Our website is made possible by displaying online advertisements to our visitors.
Please consider supporting us by disabling your ad blocker.

Download links will be available after you disable the ad blocker and reload the page.
Showing: 1-10 results of 1892

Chapter One. The Start. We had come home from school much earlier than usual, on account of illness having broken out there; but as none of the boys were dangerously ill, and those in the infirmary were very comfortable, we were not excessively unhappy. I suspect that some of us wished that fever or some other sickness would appear two or three weeks before all the holidays. However, as we had nothing to complain of at school, this, I confess,... more...

All sorts of toys were to be found in that toy-shop. It was truly a place to please any child! A little girl, who had come to stay there with her aunt—the owner of the shop—and her little cousin, was always to be found amongst the toys; she was forever picking up and admiring this one, stroking that one, nursing another. All her spare moments were spent in the shop. It so happened one evening that she wandered in after the shutters... more...

CHAPTER I The vast aviation field at Fort Sill quivered in the grilling heat of mid-July. The beautiful road stretching through the Post looked smooth as a white silk ribbon in the blazing sun. The row of tall hangars glistened with fresh white paint. On the screened porches of the officers' quarters, at the mess, and at the huts men in uniform talked and laughed as though their profession was the simplest and safest in the world. Around the... more...

CHAPTER I In Which Jimmie Grimm, Not Being Able to Help It, Is Born At Buccaneer Cove, Much to His Surprise, and Tog, the Wolf-Dog, Feels the Lash of a Seal-hide Whip and Conceives an Enmity Young Jimmie Grimm began life at Buccaneer Cove of the Labrador. It was a poor place to begin, of course; but Jimmie had had nothing to do with that. It was by Tog, with the eager help of two hungry gray wolves, that he was taught to take care of the life... more...

A PLUNGE DOWN THE RAPIDS. Kneeling in a "bullboat," fashioned from the skin of an animal, and wielding a paddle with the dexterity only to be attained after years of practice in canoeing, a sturdily-built and thoroughly bronzed Canadian lad glanced ever and anon back along the course over which he had so recently passed; and then up at the black storm clouds hurrying out of the mysterious North. It was far away in the wilderness of the... more...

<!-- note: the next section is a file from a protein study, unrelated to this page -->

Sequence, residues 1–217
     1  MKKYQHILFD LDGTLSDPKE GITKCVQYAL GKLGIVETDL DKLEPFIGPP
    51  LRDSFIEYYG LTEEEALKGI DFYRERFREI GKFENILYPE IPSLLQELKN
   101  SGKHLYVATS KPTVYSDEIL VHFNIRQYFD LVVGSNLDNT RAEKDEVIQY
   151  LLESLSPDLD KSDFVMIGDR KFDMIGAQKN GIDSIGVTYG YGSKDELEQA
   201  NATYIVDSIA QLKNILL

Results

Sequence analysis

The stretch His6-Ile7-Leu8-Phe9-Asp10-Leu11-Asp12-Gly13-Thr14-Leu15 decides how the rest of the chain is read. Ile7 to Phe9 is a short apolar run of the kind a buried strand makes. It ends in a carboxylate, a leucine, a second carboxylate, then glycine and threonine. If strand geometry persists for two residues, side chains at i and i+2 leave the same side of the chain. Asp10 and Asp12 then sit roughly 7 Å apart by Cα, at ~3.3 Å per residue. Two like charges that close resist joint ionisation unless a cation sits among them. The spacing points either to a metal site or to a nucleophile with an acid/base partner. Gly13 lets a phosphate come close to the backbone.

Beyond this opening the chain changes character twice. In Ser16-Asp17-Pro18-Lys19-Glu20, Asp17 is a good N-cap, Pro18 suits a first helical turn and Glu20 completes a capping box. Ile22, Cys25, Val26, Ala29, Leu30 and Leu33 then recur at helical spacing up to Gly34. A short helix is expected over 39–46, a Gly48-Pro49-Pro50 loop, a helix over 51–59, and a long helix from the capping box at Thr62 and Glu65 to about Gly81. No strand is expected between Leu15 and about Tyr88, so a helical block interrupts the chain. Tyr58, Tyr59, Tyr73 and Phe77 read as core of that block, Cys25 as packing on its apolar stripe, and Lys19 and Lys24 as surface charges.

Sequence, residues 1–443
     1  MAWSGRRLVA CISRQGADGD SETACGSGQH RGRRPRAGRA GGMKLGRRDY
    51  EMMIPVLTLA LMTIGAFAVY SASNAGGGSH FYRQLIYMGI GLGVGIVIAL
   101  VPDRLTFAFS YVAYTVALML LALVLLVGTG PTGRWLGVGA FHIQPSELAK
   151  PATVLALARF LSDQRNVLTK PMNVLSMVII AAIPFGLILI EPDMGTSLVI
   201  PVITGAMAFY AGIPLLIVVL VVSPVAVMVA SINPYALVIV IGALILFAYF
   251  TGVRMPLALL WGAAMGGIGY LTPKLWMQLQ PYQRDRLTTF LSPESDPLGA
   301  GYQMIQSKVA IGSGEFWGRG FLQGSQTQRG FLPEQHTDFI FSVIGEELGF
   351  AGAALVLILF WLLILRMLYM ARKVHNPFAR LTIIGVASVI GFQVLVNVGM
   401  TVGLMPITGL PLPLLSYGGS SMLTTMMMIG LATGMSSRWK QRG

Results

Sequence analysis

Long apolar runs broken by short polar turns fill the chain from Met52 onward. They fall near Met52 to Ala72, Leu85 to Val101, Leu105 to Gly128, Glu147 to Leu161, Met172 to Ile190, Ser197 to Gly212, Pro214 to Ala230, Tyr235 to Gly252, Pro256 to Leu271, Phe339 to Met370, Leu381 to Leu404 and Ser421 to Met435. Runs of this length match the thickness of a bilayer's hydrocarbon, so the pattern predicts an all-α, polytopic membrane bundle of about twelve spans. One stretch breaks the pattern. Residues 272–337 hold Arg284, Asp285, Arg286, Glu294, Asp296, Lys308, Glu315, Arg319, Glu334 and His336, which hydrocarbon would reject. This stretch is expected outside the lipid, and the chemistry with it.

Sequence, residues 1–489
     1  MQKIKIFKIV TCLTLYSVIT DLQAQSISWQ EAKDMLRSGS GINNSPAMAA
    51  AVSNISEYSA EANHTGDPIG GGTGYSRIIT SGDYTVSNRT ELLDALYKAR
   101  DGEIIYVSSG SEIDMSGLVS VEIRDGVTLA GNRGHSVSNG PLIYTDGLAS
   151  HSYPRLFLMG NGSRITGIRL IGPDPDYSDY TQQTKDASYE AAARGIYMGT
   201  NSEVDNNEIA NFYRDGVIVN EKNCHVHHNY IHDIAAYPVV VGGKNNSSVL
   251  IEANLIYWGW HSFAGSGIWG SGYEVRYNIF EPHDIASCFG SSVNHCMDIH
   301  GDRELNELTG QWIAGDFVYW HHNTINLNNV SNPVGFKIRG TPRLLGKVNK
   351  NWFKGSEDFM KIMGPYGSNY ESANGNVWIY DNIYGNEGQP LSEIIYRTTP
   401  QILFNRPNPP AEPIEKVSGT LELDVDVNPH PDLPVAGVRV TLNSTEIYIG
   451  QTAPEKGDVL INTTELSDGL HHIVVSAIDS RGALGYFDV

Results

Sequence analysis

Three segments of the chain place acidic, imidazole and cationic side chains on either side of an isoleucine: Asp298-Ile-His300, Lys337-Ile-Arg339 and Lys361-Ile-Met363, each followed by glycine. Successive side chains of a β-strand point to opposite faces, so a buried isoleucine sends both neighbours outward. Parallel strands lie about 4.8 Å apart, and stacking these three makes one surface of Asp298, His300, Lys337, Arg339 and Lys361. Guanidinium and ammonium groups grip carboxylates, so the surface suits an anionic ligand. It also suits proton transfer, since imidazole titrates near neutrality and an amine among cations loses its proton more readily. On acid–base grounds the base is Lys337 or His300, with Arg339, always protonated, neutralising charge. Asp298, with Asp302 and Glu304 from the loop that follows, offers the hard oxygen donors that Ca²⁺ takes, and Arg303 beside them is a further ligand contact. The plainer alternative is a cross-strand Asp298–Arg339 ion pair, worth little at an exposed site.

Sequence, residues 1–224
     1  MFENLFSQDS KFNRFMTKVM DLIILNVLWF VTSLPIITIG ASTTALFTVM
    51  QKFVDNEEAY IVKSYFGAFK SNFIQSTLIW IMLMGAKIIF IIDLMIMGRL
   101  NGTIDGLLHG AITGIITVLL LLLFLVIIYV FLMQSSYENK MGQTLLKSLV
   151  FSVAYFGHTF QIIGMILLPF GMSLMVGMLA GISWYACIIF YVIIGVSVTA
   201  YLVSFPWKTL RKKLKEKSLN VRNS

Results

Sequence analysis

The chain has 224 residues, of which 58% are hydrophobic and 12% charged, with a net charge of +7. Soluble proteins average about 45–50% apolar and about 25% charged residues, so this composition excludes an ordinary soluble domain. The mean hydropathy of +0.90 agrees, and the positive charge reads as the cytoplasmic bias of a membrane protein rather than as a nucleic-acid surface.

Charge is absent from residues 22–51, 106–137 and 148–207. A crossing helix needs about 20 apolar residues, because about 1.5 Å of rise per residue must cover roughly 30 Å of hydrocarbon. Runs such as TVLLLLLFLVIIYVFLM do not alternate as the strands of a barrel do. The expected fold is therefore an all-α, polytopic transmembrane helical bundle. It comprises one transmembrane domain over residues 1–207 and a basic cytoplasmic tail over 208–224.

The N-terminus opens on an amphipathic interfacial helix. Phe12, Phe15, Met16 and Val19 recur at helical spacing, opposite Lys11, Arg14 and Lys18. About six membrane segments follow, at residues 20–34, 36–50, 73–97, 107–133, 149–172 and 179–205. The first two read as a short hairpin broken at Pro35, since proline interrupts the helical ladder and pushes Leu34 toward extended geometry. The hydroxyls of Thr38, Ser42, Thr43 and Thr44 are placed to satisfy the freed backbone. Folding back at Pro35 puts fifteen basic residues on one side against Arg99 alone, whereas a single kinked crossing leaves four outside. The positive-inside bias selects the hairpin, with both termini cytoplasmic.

THE VOYAGE BEGUN "Phil, oh! Phil, won't you please hurry up? I'll go to sleep pretty soon, if we don't get a move on us." "Just give me five minutes more, Larry, and I promise you we're going to leave this place, and start on our cruise down to the big Gulf. I've got a couple of nuts to put on again, and then you'll hear the little motor begin to hum." The last speaker was bending over the engine of a fair-sized motor boat, which had a... more...

CHAPTER I THE FALLING BIPLANE "She sure is a fine boat, Dick." "And she can go some, too!" "Glad you like her, fellows," replied Dick Hamilton, to the remarks of his chums, Paul Drew and Innis Beeby, as he turned the wheel of a new motor-boat and sent the craft about in a graceful sweep toward a small dock which connected with a little excursion resort on the Kentfield river. "Like her! Who could help it?" asked Paul, looking about... more...

CHAPTER I HIT BY A WHALE "How about a race to the dock, Frank?" "With whom, Andy?" "Me, of course. I'll beat you there—loser to stand treat for the ice cream sodas. It's a hot day." "Yes, almost too warm to do any speeding," and Frank Racer, a lad of fifteen, with a quiet look of determination on his face, rested on the oars of his skiff, and glanced across the slowly-heaving salt waves toward his brother Andy, a year younger. "Oh,... more...

CHAPTER I. THE MEETING IN BOSTON. "Mr. John Diamond, Lexington, Pa.: If you wish cruise in down East waters, join me Monday next at American Hotel, Boston. Have purchased yacht. Hodge and Browning will be in party. Great sport anticipated. "Merriwell." Jack Diamond was reclining in a hammock suspended in the shade of an artificial arbor when this message from Frank Merriwell was handed to him by a boy. He tore open the envelope and read... more...

CHAPTER I Jackie was a little boy and he had a little sister named Peggs, and they lived with their Aunt who was very old, maybe thirty-two. And it was so very long since she had been a little girl, that she quite forgot that children need toys to play with and all that. So poor little Jackie and Peggs had no soldiers or dolls but could only play at make-believe all day long. They lived in a little white house nearly all covered with... more...